Source: The Herald Times
[Ed: Danny Weddle is pursuing a M. Arch degree in the Eskenazi School's Miller Architecture Program. Weddle is also a 2009 Eskenazi sculpture BFA, with a second bachelor's degree in marketing from the Kelley School.]
Danny Weddle's three homes came together on Bloomington's near west side Friday when a construction crane placed two tiny houses on the Fairview Street lot where Weddle lives in a 1950 bungalow.
For several years, Weddle has been working with city officials to overcome hurdles and meet requirements to add one of his custom-built tiny houses to his main residence.
The project involved positioning a second tiny house on a permanent foundation behind Weddle's home, where it will anchor a separate residence that the city approved as an accessory dwelling unit (ADU) with two apartments.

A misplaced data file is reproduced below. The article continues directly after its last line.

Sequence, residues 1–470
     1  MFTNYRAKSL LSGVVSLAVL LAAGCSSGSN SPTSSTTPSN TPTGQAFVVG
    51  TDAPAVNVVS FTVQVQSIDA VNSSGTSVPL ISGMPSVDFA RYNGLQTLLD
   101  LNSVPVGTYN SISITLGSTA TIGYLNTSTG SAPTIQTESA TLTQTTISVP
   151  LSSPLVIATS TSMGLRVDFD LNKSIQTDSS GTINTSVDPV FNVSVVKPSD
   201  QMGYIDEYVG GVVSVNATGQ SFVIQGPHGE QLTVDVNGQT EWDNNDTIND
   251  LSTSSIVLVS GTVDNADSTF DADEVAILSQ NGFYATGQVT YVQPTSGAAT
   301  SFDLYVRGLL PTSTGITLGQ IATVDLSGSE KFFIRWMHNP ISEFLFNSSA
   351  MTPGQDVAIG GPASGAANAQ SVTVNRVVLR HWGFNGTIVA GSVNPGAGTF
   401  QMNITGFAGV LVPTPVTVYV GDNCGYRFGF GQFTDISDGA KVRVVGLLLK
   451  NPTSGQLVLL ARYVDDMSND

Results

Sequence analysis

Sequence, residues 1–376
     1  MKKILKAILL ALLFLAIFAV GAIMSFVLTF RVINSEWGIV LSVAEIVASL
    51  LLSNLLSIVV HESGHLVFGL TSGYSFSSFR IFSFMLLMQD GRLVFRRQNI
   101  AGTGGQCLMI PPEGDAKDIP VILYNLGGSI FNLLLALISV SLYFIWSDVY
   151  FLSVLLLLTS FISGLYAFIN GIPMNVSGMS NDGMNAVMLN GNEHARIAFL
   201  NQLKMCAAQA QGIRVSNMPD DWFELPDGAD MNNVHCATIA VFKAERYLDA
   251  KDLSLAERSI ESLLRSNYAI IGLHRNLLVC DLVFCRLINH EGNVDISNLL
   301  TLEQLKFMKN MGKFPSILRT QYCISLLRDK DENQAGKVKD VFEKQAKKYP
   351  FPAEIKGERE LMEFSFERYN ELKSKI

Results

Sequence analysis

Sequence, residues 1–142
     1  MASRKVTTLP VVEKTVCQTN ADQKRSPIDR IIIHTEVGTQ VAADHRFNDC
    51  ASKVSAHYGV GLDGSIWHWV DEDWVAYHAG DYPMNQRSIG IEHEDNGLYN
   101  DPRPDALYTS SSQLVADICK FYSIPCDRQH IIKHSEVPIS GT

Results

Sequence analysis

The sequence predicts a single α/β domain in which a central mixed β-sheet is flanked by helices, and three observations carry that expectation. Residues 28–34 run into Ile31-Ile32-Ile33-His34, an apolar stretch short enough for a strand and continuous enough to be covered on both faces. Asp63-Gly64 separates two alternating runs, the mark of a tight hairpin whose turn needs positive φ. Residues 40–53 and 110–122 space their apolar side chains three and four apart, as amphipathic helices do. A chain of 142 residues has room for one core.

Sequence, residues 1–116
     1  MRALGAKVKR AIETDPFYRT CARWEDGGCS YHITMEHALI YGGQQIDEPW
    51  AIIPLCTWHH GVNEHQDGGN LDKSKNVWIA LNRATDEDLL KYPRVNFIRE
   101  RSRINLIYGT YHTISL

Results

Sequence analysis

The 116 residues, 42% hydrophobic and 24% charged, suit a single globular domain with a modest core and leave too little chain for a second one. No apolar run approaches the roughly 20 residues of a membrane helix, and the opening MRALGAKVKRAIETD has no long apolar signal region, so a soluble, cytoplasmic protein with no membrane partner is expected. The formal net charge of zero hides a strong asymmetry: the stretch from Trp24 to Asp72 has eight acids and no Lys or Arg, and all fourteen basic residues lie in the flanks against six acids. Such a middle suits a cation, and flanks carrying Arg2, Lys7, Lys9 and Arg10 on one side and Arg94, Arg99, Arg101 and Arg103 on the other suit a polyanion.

That structure will be built of adobe-style walls made by Terran Robotics, a Bloomington-based company focused on sturdy, energy-efficient and affordable adobe-wall housing.
The goal is to make environmentally friendly, new-home construction common in the Midwest where the ingredients for adobe walls, such as clay-rich mud and straw, are readily available. Terran uses artificial intelligence and robotics, automating parts of the wall-making process to streamline construction.